An important aspect of the effects of probiotics on defence mechanisms in animals is their effect on the quality of sow colostrum and milk [2425]. Scharek et al. [22] showed that the use of probiotics as feed additives for sows improved the composition of the colostrum and milk by modifying the composition of the intestinal microbiota and increasing systemic metabolism. However, the most important role of probiotics in terms of animal health and productivity is their capacity to increase the immune potential of the colostrum and milk [26, 27]. Mammary gland secretions physiologically contain numerous antibacterial substances, such as lysozyme and lactoferrin, as well as antibodies, cytokines, growth factors, hormones, and cellular components, which are responsible for immune defence in piglets in the first period of life and stimulate the development of intestinal epithelial cells (IEC), including the gut-associated lymphoid tissue (GALT) system [9, 28,29,30]. Transfer of specific cellular immunity from the mother to the neonate via the lymphocytes of the colostrum or milk plays an important role in immune system development and in a clinical context [31, 32]. Lymphoid cells ingested with the sow’s milk pass through the intestinal epithelium of piglets and are transported to the mesenteric lymph nodes, where they support the developing immune system by promoting immunoregulation processes [28, 31,32,33]. About 50% of the cells of sow colostrum and milk are phagocytes (neutrophils, macrophages, and eosinophils), which promote the local immunity of the intestinal mucosa of piglets in the early postnatal period and prevent infections [28].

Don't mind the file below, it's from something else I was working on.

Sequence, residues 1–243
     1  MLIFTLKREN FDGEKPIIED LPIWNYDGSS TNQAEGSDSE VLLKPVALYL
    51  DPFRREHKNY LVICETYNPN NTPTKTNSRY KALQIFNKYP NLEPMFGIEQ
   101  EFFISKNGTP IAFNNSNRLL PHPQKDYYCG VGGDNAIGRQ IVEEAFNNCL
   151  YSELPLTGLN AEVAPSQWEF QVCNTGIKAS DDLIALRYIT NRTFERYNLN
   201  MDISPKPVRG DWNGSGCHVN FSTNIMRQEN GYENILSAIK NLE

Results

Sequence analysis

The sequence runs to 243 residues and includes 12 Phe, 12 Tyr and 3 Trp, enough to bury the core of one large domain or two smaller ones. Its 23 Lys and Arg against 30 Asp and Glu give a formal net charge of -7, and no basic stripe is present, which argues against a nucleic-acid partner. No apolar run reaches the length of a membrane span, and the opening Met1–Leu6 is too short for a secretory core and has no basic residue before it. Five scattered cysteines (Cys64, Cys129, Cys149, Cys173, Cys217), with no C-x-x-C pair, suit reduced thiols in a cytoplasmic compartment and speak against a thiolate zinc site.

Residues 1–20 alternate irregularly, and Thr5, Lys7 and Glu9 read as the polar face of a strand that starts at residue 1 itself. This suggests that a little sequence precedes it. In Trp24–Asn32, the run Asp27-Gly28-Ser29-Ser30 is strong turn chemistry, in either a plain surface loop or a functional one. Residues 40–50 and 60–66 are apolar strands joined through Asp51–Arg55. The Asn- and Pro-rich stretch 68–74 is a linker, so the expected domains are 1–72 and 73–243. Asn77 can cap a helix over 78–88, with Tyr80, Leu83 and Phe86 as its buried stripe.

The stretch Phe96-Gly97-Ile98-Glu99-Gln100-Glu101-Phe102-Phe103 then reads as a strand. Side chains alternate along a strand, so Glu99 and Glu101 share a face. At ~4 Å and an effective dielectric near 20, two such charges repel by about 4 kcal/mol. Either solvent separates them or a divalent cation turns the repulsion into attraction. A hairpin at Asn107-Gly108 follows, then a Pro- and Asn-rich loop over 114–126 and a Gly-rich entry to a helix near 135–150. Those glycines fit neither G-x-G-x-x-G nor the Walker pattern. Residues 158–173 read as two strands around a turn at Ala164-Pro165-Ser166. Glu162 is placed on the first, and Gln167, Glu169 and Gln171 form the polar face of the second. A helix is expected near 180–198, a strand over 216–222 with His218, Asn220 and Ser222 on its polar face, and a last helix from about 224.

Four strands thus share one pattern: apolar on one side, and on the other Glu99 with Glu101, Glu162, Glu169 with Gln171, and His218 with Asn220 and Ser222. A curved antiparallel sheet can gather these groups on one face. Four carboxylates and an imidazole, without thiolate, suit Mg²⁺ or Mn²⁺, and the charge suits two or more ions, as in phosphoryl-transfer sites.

The health-promoting effects of probiotic preparations depend on the genus, species, and strain of the microorganism used for its production, and their effectiveness can be increased by combining strains acting synergistically [34]. Timmerman et al. [35] showed that probiotics based on numerous strains of the same species as well as preparations composed of strains belonging to different species of microorganisms turn out to be more effective in action because they are active in many places of the intestine in relation to different target cells and show different mechanisms of action. The use of a mixture of Lactobacillus spp., Lactobacillus acidophulus, Streptococcus thermophilus, Bacillus subtilis, and Kluyveromyces fragilis L-4 uclv strains in pig nutrition reduces the occurrence of gastrointestinal diseases with symptoms of diarrhoea and has a positive effect on the production parameters [36, 37]. Probiotics containing Lactobacillus spp., Bifidobacterium spp., Enterococcus spp., and Bacillus spp. reduce the risk of colonization of the intestines with pathogens, and in particular reduce the number of enterotoxigenic Escherichia coli and limit the development of Salmonella spp in the gut of piglets [36, 38]. Similar effects are exerted by probiotics based on Lactobacillus sobrius, Lactobacillus bulgariccus, Saccharomyces thermophilus, Saccharomyces boulardii, and Pediococcus acidilactici, which reduce the number of E. coli bacteria and regulate the level of IgA in the intestinal mucosa, which affects the local immunity of the intestines and modulates GALT [35, 36, 39]. This group of multi-strain probiotics includes preparations based on EM recommended for use in the diet of pigs, among which EM Bokashi®, product invented by the manufacturer Greenland Technology EM, Janowiec, Poland, is increasingly used. EM Bokashi® contains mixed microorganisms (see Table 2), which are added after the fermentation process of the molasses-based medium, which is an indicator of the high quality of this product and is the basis for its selection for research. Supplementation with EM increases the colonization of the intestinal mucosa by strains of Lactobacillus spp. and Bifidobacterium spp., at the same time limiting the occurrence of Salmonella spp. and Escherichia coli, which prevents gastrointestinal diseases with symptoms of diarrhoea in pigs [40]. The use of EM positively influenced the morphological features of the porcine jejunum by increasing the height and width of the intestinal villi, increasing the number of goblet cells and the VH/CD ratio, which is used to assess the degree of digestion of nutrients and the absorption capacity of the small intestine [40, 41]. Moreover, EM Bokashi increased the expression of FABP4, GLUT2, and CLDN1 genes related to gastrointestinal metabolism and raised the level of anti-inflammatory IL10 [40, 42]. This results in an increased absorption of nutrients, weight gain, and, consequently, slaughter efficiency. The action of EM is mainly based on the direct stimulation of GALT cells, which increases the efficiency of immunological processes and leads to a reduction in susceptibility to infection with pathogenic microorganisms, and consequently to an increase in animal health [43]. Our previous research [42] showed that the use of EM as feed additives in the diet of pigs increased the concentrations of certain proinflammatory cytokines, including TNF-α and IL-6, in the colostrum and milk, which increased the protective potential of the colostrum by stimulating cellular immune defence mechanisms. The accompanying increase in the concentrations of IL-4, IL-10, and TGF-β as well as class G and A immunoglobulins in the colostrum and milk of sows receiving EM demonstrates their immunoregulatory effect on Th2 cells, which can lead to an increase in the expression of T regulatory cells and polarization of the immune response from Th1 to Th2.